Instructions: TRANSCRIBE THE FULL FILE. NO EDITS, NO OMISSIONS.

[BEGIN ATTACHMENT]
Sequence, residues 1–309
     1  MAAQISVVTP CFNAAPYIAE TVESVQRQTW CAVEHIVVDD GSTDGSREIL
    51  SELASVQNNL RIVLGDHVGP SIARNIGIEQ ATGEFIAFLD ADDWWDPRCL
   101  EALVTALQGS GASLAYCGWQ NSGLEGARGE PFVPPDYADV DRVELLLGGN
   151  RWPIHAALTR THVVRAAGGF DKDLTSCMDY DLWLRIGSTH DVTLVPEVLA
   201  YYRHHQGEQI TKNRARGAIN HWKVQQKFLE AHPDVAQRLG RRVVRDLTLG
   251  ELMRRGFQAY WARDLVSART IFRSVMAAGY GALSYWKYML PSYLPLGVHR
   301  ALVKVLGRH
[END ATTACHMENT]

Sequence, residues 1–309
     1  MAAQISVVTP CFNAAPYIAE TVESVQRQTW CAVEHIVVDD GSTDGSREIL
    51  SELASVQNNL RIVLGDHVGP SIARNIGIEQ ATGEFIAFLD ADDWWDPRCL
   101  EALVTALQGS GASLAYCGWQ NSGLEGARGE PFVPPDYADV DRVELLLGGN
   151  RWPIHAALTR THVVRAAGGF DKDLTSCMDY DLWLRIGSTH DVTLVPEVLA
   201  YYRHHQGEQI TKNRARGAIN HWKVQQKFLE AHPDVAQRLG RRVVRDLTLG
   251  ELMRRGFQAY WARDLVSART IFRSVMAAGY GALSYWKYML PSYLPLGVHR
   301  ALVKVLGRH